Housing Starts and Building Permits for July were a mixed bag with Housing Starts exceeding expectations (1.206 mln vs 1.180 mln) and Building Permits missing consensus forecasts (1.119 mln vs 1.225 mln). The weakness in permits was primarily due to the expiration of tax incentives in New York, which we flagged in the commentary to our Morning Lineup sent out to Bespoke Premium clients before the report. In that commentary we noted that, “Most economists are expecting a decline in building permits driven by the end of a tax subsidy in New York State; while this may be a headwind we would note that building permits continue to trend demonstrably higher even after stripping out New York State.” The “New York” effect can clearly be seen by the 60.2% decline in m/m permits for the northeast (see table below).
As shown in the top chart of Housing Starts, July’s seasonally adjusted annualized rate of 1.206 million marks a post-recession high and is the best monthly reading since October 2007. Even more encouraging about this month’s reading is that the strength was driven primarily by single family units, which are generally considered to have more of a positive economic impact than multi-family units. On a m/m basis, single family starts increased 12.8%, while on a y/y basis, they increased 19%. Looking at the regional breakdown of the y/y change in overall Housing Starts (+10.1%), every region but the West saw growth of more than 10%.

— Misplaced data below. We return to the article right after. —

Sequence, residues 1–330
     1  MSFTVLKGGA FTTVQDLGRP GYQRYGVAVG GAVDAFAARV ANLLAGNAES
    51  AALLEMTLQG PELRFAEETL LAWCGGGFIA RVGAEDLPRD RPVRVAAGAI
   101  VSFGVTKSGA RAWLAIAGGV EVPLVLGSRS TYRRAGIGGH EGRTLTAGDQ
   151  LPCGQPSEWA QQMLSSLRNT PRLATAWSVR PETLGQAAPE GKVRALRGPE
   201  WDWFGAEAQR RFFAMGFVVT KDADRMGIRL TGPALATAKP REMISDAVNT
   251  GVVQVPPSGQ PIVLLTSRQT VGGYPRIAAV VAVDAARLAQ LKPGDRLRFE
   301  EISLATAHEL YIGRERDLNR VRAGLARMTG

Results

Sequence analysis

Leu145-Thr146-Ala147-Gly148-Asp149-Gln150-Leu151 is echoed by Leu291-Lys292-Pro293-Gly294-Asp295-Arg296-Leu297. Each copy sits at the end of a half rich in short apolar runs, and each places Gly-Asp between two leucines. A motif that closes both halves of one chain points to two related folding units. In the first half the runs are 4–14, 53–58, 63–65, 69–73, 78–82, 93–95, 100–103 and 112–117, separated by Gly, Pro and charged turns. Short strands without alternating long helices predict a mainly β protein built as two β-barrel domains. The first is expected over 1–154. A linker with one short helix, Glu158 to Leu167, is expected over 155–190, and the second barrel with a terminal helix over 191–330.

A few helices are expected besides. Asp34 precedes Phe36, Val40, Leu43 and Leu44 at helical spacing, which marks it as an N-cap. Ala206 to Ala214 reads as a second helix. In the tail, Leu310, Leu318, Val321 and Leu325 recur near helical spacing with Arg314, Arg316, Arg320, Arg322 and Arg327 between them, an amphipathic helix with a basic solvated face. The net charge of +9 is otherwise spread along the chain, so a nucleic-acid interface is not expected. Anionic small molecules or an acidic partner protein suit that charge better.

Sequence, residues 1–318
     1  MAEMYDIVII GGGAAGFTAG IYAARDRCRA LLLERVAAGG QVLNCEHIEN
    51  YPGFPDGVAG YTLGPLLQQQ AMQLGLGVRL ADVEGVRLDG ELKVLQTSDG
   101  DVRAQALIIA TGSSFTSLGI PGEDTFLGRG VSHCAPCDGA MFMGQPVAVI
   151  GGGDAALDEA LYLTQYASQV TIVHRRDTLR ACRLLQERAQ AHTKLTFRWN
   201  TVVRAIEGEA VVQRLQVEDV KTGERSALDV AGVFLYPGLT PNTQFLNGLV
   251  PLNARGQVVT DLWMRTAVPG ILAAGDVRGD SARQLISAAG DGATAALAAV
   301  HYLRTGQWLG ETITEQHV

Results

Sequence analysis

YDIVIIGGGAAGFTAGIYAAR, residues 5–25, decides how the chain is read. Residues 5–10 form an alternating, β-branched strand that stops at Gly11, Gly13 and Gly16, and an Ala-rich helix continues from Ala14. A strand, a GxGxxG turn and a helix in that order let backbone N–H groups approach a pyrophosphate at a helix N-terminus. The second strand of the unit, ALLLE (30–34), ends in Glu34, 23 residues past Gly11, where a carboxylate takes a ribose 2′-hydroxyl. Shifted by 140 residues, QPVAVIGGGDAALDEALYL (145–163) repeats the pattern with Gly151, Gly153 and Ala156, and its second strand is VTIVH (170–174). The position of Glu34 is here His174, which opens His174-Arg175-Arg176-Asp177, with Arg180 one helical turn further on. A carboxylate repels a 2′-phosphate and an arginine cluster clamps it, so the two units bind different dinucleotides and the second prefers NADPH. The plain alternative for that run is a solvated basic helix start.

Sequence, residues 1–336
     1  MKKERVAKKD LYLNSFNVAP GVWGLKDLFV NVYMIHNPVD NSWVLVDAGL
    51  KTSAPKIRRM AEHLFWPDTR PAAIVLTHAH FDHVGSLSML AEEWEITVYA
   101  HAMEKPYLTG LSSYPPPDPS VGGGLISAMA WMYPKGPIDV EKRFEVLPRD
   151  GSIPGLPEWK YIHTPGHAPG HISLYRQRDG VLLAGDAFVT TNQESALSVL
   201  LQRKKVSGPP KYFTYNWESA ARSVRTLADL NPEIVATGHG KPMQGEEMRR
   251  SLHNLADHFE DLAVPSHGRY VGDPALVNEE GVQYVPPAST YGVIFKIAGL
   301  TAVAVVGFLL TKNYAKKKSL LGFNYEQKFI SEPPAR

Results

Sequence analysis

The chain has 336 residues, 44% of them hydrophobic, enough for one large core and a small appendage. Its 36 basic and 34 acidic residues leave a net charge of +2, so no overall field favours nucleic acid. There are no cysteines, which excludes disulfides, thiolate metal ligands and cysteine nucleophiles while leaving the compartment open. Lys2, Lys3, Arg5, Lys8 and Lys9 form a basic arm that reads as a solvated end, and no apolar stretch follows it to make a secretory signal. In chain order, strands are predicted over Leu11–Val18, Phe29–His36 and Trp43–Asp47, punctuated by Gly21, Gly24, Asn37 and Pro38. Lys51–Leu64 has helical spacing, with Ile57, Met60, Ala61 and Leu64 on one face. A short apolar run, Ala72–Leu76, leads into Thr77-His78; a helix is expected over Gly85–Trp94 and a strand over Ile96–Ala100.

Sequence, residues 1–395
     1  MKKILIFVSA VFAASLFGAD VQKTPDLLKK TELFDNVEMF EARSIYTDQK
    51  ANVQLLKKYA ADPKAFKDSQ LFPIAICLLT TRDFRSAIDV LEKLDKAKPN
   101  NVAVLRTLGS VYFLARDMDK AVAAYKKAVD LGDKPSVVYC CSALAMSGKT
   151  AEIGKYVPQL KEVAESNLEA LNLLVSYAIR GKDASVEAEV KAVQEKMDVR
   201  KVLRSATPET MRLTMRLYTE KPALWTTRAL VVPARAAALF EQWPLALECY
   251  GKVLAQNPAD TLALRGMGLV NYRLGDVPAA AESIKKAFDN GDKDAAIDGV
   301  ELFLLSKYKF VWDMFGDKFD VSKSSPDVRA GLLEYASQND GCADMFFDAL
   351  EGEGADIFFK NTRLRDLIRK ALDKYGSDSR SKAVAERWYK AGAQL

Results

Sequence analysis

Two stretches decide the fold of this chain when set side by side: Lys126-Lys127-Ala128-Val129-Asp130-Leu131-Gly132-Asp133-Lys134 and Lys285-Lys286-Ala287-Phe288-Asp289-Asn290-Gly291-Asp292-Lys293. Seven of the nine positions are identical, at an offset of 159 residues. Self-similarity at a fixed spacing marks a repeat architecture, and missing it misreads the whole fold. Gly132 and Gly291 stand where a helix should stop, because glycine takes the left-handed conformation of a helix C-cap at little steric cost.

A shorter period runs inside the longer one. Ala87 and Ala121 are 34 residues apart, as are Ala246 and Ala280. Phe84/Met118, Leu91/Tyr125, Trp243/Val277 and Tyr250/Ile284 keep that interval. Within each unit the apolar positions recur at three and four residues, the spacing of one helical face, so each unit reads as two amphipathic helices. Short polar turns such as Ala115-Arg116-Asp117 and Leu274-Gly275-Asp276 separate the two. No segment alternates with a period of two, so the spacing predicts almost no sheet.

On the surface, July’s 16.3% m/m decline in Building Permits looks weak, but they are still up 7.5% y/y. Also, keep in mind that this month’s decline comes on the heels of a 29% spike in the prior three months. As the second chart below shows, even after this month’s pullback, Building Permits are still well above the range they were in prior to the recent spike.